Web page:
- Do you have competitive benchmark survey data that lets you understand where your competitors provide a superior experience and the situations or touchpoints where you lead. If so, how do you compare with traditional competitors and are new competitors emerging with differentiated customer experience?
- How have competitors’ customer experience strategy and results changed over time? What investments have they been making in people and systems? (Going to their website to look at their list of job openings may help with this.)
Customer experience industry trends
All industries change over time. Customer experience itself has been changing, from at least two perspectives. First, the products and service offerings that help companies to provide better customer and partner experience change over time. Second, there are industry-specific customer-experience changes. For example, ‘Customer Success Teams’ have been implemented by most large software vendors over the last five years or so. These teams help customers to install and understand software, free of charge. Here are some questions that should help this part of the analysis:
- What is happening in the customer experience industry? What ways of listening to customers are most popular? What new improvement processes and technologies are emerging?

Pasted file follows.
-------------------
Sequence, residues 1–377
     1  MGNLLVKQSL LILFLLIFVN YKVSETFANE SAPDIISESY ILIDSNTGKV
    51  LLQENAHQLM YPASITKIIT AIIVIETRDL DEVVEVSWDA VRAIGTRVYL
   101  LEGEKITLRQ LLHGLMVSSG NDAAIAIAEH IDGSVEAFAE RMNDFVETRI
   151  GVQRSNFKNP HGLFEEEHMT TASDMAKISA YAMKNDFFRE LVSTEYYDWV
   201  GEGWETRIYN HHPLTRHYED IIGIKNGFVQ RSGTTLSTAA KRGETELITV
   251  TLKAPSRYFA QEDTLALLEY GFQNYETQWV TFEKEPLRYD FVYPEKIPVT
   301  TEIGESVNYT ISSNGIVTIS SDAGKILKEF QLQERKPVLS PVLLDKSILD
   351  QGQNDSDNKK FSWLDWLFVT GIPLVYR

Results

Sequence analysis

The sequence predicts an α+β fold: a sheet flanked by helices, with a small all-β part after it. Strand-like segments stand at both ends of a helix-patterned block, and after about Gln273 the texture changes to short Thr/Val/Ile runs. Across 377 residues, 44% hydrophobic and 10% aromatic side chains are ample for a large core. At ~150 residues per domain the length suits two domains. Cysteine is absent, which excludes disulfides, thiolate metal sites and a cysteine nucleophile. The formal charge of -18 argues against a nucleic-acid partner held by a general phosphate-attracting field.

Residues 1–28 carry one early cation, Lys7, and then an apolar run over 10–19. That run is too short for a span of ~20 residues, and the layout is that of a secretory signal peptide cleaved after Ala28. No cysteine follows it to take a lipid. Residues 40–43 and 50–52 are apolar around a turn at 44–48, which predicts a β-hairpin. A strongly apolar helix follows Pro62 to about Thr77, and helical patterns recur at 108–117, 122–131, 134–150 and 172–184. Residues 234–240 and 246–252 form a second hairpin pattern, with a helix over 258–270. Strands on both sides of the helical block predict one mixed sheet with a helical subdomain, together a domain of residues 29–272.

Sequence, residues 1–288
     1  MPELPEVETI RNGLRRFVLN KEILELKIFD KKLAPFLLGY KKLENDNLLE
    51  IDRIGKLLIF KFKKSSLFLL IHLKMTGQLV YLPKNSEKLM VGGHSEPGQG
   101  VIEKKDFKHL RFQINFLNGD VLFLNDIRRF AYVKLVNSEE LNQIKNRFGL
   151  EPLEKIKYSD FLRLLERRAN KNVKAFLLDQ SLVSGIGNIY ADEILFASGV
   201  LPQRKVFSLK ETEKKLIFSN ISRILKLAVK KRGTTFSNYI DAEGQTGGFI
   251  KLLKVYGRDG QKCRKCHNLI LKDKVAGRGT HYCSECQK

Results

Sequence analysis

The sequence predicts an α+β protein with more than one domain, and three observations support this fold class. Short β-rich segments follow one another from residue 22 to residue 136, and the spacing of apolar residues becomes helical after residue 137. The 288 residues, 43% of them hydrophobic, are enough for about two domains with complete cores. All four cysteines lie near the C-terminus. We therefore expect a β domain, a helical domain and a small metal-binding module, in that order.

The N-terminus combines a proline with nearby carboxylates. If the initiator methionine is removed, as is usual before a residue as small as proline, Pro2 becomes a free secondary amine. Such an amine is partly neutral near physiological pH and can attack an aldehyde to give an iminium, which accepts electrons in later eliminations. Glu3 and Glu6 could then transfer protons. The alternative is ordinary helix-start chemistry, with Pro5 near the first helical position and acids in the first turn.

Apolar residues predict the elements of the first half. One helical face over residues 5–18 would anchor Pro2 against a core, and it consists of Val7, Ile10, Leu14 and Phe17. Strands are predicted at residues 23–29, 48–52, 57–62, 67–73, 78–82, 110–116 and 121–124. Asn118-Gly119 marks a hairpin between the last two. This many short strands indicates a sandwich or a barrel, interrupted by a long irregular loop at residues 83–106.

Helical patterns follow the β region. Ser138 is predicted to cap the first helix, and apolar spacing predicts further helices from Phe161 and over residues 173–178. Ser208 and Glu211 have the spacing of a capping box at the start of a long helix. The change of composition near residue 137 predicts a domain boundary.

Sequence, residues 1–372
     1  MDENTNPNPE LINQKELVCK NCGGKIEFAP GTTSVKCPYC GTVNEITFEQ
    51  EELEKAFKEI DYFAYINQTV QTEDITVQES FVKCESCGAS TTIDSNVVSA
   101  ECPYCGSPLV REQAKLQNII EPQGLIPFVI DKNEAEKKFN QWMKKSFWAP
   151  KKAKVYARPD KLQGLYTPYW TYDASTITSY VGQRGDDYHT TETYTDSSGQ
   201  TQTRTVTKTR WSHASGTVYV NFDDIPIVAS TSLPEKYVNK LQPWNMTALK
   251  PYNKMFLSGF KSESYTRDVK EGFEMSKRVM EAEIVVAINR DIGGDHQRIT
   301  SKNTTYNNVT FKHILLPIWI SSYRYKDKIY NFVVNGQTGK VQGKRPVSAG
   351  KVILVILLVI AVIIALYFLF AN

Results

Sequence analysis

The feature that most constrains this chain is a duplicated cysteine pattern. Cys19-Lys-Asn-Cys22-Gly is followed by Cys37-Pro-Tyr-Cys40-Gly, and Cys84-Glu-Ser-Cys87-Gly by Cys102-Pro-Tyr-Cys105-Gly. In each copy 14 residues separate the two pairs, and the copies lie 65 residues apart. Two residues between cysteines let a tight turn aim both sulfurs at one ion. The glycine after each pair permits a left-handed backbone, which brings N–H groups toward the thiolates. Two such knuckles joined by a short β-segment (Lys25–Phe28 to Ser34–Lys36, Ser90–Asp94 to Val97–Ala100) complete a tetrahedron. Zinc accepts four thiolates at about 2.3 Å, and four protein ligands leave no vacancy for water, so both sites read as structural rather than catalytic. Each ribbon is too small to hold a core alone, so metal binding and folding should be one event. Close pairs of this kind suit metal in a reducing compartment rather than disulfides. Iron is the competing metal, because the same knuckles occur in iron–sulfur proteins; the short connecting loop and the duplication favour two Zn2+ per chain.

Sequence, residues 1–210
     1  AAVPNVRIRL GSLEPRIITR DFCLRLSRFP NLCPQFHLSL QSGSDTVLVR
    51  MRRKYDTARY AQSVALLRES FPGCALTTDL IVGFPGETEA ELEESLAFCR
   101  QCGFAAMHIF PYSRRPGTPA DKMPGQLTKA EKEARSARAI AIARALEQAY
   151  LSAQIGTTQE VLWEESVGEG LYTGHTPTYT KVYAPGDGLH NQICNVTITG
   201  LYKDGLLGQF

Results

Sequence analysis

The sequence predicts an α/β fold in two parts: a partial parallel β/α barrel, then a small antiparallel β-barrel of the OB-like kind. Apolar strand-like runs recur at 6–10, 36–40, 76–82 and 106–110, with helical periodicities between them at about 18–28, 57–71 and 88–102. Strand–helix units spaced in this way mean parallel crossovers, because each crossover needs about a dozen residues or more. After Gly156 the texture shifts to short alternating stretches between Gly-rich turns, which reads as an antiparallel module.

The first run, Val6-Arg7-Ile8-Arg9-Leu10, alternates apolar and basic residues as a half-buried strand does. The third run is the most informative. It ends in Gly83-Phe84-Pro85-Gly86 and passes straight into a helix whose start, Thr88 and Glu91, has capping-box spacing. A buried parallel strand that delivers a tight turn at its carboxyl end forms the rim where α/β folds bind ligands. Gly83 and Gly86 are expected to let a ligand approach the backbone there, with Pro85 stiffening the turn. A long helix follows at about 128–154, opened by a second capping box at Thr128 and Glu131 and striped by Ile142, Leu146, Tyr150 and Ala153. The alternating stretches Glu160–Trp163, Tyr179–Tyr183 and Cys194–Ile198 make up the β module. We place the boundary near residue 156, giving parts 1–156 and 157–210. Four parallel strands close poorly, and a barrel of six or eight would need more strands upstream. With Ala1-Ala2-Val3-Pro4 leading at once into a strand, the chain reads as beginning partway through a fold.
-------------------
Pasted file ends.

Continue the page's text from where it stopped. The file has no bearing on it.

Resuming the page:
- What is the impact of social media on customer perception of your products and services? Do you know what is being said about you on social media, and does it matter?
These questions are about the environment in which your company, your competitors and your customers live. It includes government regulation and general concerns and hopes of the people in countries where you operate. You may find these questions useful:
- How does government regulation affect the way you want to go about measuring and improving customer experience?
- What current and emerging rules about data privacy affect your current and potential survey processes?
- Do you know what surveys are being run in your company and whether they respect relevant laws?
While the first five areas are all about what is happening outside your company, you are unlikely to be able to sell and implement every conceivable idea within your company. These questions may help establish what you can achieve:
- What is the state of executive sponsorship for your current efforts?